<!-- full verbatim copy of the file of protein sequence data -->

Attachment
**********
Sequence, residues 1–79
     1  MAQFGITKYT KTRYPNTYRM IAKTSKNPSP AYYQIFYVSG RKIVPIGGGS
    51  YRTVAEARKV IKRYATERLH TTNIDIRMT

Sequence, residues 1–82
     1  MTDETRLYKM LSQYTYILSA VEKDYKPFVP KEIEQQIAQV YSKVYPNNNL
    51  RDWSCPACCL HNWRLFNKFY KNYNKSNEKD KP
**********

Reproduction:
Sequence, residues 1–79
     1  MAQFGITKYT KTRYPNTYRM IAKTSKNPSP AYYQIFYVSG RKIVPIGGGS
    51  YRTVAEARKV IKRYATERLH TTNIDIRMT

Sequence, residues 1–82
     1  MTDETRLYKM LSQYTYILSA VEKDYKPFVP KEIEQQIAQV YSKVYPNNNL
    51  RDWSCPACCL HNWRLFNKFY KNYNKSNEKD KP